12 observations from the US Pro Cycling Challenge.

 

Leipheimer. Boxed in by lack of team support?

 

Just back from Colorado and home in California with a pinot noir in hand. Here are some things we took away from the best stage race we’ve ever seen outside France.

1 Tom Danielson of Garmin-Sharp is a new man — funnier, more relaxed, less stressed and more aggressive. His breakaway win in Aspen represented a transformation from a rider who calculates odds to one who attacks on instinct. Our observation is that somehow all the years of working with sports psychologists finally paid off. As Vaughters told us after the win, Danielson “has quite a career ahead of him as a breakaway rider.”

2 Jens Voigt saved RadioShack Nissan-Trek’s rear end in Colorado. Voigt is a one man anti-negativity force field. With his long solo win in Beaver Creek, he almost erased an entire season of bad luck, poor results, team discord and assorted disasters from missing paychecks to Andy Schlecks cracked pelvis to Frank’s doping positive in Le Grand Shindig. Jen’s signature quote and life philosophy is “shut up legs.” His wildly applauded win shut up all the naysayers and team critics.

3 Rory Sutherland is playing a new game. Like Tom Danielson, Sutherland has had a change of heart and race tactics. For the last two years, he and his UnitedHeathcare squad have been trying to crack the GC podium in California and Colorado. A tough ask given he’s going up against the ProTeam guys who have a greater ability to recover, having ridden a few grand tours. Starting in Utah, Sutherland decided to focus on stage wins and his decisive win on the summit finish of Flagstaff — in front of his home Boulder crowds — is a career highlight.

4 Levi Leipheimer was handicapped by a lack of team support. It seemed bizarre that Omega Pharma Quickstep chose to only send five riders to help Levi in his bid to repeat his GC triumph of last year. That went down to four when Francesco Chicchi DNF’d. At times we had the impression that Leipheimer’s team was an under-funded Continental squad. There was something symbolic about Leipheimer doing his critical pre-time trial warm-up — with final victory on the line — inside the red Specialized container ship display space. As he pedaled furiously, he looked like some kind of “live” marketing exhibit. By all appearances, the California bike sponsor was making more of an effort to support Leipheimer than Omega Pharma.

5 Crowds were down this year and we wonder why — over-protective park service officials or overly careful race organizers? Last year the crowds at the top of Independence Pass — the queen stage out of Gunnison — blew people’s minds. This time around they banned camping on independence and pretty much the only way up was on foot or bike. That decision cuts your fan base down to those fit enough to bike the 2.5 hours up the tough climb from Aspen, for example. For two days, media were not allowed on the race course. Two days! Nor was there any shuttle service to get writers and photographers up to the pass to witness the excitement. Inexcusable. Sure Boulder, Golden, Denver and Crested Butte delivered big numbers but everybody noticed the drop. We’ve covered three tour of California and two Tour de Frances and when space is limited, they figure a way to get you up. Twisted Spoke thinks somebody got scared after last years overwhelming fan response and over-reacted.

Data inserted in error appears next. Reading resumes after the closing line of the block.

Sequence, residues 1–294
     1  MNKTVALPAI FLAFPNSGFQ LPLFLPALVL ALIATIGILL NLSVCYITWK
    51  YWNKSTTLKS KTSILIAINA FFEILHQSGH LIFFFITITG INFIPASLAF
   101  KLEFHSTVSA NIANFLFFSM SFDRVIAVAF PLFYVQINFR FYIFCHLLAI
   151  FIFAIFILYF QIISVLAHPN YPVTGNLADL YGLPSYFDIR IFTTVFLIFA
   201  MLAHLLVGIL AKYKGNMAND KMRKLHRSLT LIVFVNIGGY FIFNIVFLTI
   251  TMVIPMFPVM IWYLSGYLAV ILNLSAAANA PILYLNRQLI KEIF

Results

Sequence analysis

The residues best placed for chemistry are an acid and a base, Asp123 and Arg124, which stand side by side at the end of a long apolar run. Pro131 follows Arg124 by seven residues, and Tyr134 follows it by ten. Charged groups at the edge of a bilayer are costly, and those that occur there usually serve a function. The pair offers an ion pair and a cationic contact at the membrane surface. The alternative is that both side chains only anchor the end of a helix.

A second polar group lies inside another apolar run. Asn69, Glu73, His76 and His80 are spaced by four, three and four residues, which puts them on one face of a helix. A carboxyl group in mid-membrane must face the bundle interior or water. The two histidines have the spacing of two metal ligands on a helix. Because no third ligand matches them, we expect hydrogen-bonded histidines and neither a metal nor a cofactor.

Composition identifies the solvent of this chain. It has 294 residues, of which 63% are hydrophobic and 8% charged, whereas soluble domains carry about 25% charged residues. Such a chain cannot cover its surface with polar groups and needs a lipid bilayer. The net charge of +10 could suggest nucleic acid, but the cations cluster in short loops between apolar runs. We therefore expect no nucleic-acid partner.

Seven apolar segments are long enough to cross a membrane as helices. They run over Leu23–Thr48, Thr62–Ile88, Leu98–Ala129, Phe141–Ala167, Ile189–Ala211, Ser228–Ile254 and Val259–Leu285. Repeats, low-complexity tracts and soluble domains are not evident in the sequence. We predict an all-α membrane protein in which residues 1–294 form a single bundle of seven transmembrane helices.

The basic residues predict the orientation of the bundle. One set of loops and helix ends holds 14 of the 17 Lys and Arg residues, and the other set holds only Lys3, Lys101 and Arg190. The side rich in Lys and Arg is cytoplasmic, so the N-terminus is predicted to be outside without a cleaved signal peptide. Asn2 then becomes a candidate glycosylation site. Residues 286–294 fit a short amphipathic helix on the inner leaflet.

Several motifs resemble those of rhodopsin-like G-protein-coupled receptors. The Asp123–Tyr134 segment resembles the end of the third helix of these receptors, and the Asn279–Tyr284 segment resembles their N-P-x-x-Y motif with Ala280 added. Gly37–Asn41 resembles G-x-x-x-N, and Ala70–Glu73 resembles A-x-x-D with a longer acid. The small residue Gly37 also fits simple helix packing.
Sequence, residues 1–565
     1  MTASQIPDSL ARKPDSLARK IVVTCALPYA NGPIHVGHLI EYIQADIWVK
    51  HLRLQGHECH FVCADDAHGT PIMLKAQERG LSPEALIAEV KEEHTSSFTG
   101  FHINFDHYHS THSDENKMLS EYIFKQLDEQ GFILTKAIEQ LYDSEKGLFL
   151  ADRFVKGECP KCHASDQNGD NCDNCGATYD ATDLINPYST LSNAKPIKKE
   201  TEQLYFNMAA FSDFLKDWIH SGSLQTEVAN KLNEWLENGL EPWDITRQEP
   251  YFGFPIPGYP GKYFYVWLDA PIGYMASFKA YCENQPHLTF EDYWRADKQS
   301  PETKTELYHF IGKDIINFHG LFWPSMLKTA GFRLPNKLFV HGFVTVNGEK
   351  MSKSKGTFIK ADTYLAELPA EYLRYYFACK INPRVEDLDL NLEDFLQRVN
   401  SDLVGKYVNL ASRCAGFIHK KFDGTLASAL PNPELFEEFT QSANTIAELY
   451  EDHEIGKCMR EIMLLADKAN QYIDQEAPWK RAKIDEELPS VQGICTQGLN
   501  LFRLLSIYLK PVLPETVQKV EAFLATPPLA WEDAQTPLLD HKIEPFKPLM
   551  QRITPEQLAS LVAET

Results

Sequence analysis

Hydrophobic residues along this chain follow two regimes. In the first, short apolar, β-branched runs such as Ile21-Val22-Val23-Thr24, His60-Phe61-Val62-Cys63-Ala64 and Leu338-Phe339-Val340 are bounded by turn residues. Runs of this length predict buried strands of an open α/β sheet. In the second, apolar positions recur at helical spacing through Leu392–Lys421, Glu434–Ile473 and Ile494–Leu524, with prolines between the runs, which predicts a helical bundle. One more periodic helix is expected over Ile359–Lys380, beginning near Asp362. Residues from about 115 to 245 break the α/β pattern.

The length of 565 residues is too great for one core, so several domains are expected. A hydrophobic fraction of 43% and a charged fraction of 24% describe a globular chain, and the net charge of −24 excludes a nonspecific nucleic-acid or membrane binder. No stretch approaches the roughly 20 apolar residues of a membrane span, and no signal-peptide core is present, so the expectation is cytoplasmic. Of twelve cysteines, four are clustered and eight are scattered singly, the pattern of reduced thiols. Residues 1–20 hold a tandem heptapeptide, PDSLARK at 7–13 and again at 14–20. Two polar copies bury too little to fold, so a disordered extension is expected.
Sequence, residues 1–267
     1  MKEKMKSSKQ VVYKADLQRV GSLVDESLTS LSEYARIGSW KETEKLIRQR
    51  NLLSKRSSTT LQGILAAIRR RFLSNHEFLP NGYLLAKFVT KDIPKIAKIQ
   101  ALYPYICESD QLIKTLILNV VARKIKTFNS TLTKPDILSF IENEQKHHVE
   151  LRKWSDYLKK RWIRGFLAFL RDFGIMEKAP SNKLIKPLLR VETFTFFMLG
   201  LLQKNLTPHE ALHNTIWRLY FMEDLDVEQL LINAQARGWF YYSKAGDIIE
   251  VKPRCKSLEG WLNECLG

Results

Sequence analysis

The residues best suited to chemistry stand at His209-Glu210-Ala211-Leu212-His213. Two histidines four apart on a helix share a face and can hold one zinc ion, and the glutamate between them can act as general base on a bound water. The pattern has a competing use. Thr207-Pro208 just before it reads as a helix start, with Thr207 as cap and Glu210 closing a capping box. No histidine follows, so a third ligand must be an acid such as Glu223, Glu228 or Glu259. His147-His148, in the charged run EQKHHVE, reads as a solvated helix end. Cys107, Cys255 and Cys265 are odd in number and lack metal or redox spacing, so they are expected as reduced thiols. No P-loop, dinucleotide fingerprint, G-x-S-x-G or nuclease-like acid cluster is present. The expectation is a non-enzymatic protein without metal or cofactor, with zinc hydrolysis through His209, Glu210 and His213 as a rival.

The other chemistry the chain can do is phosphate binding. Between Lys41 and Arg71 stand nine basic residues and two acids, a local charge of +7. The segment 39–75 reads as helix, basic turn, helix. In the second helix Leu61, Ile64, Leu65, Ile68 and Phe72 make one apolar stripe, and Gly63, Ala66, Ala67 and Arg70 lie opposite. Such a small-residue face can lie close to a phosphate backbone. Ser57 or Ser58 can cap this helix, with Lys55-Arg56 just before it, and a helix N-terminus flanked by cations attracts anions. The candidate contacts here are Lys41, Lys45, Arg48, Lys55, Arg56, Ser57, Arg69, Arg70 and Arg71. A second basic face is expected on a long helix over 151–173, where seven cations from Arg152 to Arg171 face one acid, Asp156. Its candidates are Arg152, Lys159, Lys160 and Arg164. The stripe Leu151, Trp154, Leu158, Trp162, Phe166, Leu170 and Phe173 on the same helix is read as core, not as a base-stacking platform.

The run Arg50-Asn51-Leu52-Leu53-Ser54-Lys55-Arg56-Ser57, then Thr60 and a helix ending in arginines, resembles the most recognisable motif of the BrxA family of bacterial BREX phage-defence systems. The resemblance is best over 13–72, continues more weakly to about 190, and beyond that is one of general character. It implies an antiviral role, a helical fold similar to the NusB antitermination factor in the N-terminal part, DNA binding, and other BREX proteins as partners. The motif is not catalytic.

6 Tyler Farrar is back to top speed. Now, that’s not Mark Cavendish speed or even Peter Sagan speed but Farrar finally got his first win in over a year and put his phenomenal  bad luck behind him. This guy is thoughtful, curious, down-to-earth and a genuine nice guy. But the Tour crashes and assorted misery appeared to have finally cracked him. He nearly went berserk when he charged over to the Argos Shimano bus to scream at their sprinter for cutting him off in a Tour stage in France. Garmin management basically said you need to chill, come back to the States, and get yourself a full reset. Two stage wins in Colorado go a long way to restoring his confidence and happiness.

7 RadioShack came to Colorado without a leader and it showed. The big ProTeam won the team competition — like they did at the Tour de France — but that was a booby prize yawn. Their GC hopes never got off the ground. While Garmin-Sharp went scorched earth from the gun, turning the race upside down with aggressive tactics, The Shack’s GC strategy seemed to be prayer-based — as in, we hope Chris Horner has some legs left or Matthew Busche isn’t too tired from his second place in Utah and maybe old Andreas Kloden can deliver a miracle. If Jens Voigt hadn’t single-handedly produced a fabulous stage win, we’d be using the word “invisible” to describe their efforts.

8 Joe Dombromski is the real deal. The 20 year old Bontrager-Livestrong rider showed the same confidence, power and aggression on the climb up Flagstaff that he demonstrated on Mount Baldy in the Tour of California. He attacked and drove it hard up Flagstaff. The next day he was dead in the Denver time trial but still managed a top 10 and the Best Young rider jersey. His ProTeam signing will be announced shortly and his progression has been amazing. The kicker is that team manager Axel Merckx thinks that besides the physical talent, Dombrowski is intelligent and learns fast. A young Tejay van Garderen.